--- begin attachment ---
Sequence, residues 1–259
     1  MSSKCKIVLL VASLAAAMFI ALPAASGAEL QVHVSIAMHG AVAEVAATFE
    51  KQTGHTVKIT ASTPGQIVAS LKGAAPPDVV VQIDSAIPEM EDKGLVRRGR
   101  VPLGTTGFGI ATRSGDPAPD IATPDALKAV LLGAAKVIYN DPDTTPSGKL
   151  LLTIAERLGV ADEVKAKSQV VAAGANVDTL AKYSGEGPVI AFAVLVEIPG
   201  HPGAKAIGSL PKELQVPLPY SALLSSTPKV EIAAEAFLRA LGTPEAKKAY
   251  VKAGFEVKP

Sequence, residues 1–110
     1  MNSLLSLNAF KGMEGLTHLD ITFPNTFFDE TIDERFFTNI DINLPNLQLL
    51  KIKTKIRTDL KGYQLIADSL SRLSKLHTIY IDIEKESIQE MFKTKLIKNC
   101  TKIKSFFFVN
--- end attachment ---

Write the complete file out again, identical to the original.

Sequence, residues 1–259
     1  MSSKCKIVLL VASLAAAMFI ALPAASGAEL QVHVSIAMHG AVAEVAATFE
    51  KQTGHTVKIT ASTPGQIVAS LKGAAPPDVV VQIDSAIPEM EDKGLVRRGR
   101  VPLGTTGFGI ATRSGDPAPD IATPDALKAV LLGAAKVIYN DPDTTPSGKL
   151  LLTIAERLGV ADEVKAKSQV VAAGANVDTL AKYSGEGPVI AFAVLVEIPG
   201  HPGAKAIGSL PKELQVPLPY SALLSSTPKV EIAAEAFLRA LGTPEAKKAY
   251  VKAGFEVKP

Sequence, residues 1–110
     1  MNSLLSLNAF KGMEGLTHLD ITFPNTFFDE TIDERFFTNI DINLPNLQLL
    51  KIKTKIRTDL KGYQLIADSL SRLSKLHTIY IDIEKESIQE MFKTKLIKNC
   101  TKIKSFFFVN